Thursday, March 31, 2011

Volunteering for the Tohoku Earthquake

From the Tokyo Voluntary Action Center:
Volunteering for the Tohoku Earthquake

Please read this first

Please do not go to the disaster area yourself

At the moment, professional, trained workers, organizations and local residents are working at the disaster sites.
Transportation, safe locations, food, information and fuel are all scarce. At this stage, volunteers could cause further shortages and confusion by traveling to the site themselves.

As of April 19th, we have received news that volunteer centers have opened in the disaster area, but we ask that those living outside Fukushima prefecture remain cautious. Local residents are working together with trained, organized professionals. Let us avoid causing further difficulties.

The scale of the damage is enormous. We expect the support and recovery effort will need the long-term support of many volunteers. We'll post information about donating aid as soon as the structure to receive it is in place. Please give what you can.
We also ask that you maintain your investment in and support for this cause, and will post aid requests from disaster sites as we receive them.

The website has a lot of useful information about how to help. At this point it seems that donations are the best way for us to help. They also have a twitter account where they are posting volunteer info in Japanese:!/tokyovolunteer

Wednesday, March 30, 2011

back in Tokyo yesterday

Everything seems pretty normal in the 23 districts, but the trains are definitely a bit emptier than normal during my morning commute.

The weather is getting warmer and the flowers are blooming. Today's a lovely sunny day.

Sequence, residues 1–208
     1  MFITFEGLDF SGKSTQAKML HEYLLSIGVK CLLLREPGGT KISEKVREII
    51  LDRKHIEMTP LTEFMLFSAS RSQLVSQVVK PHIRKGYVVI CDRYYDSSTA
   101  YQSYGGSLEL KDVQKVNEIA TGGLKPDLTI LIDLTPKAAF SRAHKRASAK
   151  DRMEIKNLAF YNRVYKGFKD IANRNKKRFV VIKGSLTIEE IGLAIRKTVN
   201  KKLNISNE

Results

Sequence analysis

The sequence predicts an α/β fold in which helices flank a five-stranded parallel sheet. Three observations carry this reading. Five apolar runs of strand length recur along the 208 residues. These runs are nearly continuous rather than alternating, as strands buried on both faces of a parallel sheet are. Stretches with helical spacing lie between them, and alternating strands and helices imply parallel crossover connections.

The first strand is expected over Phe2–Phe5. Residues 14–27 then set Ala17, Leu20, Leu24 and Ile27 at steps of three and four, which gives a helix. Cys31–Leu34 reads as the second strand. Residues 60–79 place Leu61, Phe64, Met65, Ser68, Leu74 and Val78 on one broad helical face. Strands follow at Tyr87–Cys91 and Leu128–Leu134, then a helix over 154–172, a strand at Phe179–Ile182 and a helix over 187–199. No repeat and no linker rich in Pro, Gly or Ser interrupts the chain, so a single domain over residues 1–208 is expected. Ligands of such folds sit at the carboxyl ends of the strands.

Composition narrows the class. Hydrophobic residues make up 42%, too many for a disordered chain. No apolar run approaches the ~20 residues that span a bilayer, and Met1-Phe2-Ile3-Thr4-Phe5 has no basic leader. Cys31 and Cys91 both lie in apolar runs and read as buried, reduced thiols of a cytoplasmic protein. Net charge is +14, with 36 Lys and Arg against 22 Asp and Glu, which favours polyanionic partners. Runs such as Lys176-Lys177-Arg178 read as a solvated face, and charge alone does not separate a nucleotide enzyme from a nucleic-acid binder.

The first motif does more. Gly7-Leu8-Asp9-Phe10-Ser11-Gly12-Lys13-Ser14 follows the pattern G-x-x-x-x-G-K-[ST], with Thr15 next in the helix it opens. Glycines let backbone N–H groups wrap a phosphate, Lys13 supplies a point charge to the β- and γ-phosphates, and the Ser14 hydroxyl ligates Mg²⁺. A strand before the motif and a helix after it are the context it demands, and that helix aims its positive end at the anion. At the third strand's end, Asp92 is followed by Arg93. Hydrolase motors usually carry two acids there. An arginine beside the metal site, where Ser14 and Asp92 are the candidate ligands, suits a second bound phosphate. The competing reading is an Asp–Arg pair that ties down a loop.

From the Tokyo Gaijins list:
Hi everyone,
I've been asking people around and researching for the best possible and most practical way to help the Tohoku Earthquake/Tsunami Disaster victims.
Here is what I found...

Clothing donation
They are not accepting any material donation from individuals at the moment. They are still busy taking care of necessities such as food, water, toilet, logistics etc. Our good intention could actually be a burden. Apparently, there were too many random clothing donation when Niigata earthquake happened a couple of years ago, and they had to use manpower to sort and throw them away. Some people suggests to contact Salvation Army ( and Second Harvest ( but I couldn't find any information on how to donate clothing, sorry :(
Voluntary work
A lot of people asked me to organize a trip to affected areas when things stabilize. Personally, I really don't think its a good idea but I did ask some people anyway.
Here is what one of the members of Foreign Volunteers Japan (on Facebook) commented...
- How many more times do I have to explain this: Let the professionals and, most importantly, the Japanese, assess and organize the initial disaster aftermath. There will be years of rebuilding, when many volunteers will be required. At the moment, an influx of well-intentioned foreigners, without allocation of a job, will only add to the hardship. You can do better, by working on fundraising efforts in Tokyo, rather than impulsively put yourself in harms way, where you will be more a hindrance than a help.
Again, I think the best way to help is by donating money. We have some charity events in the next two weeks. I will send the details very soon. Hope you can make it!

Monday, March 21, 2011

mit blog following the Fukushia Nuclear Plants
Information about the incident at the Fukushima Nuclear Plants in Japan hosted by

Very educational blog posting info and analysis of the events at the Fukushima nuclear plants.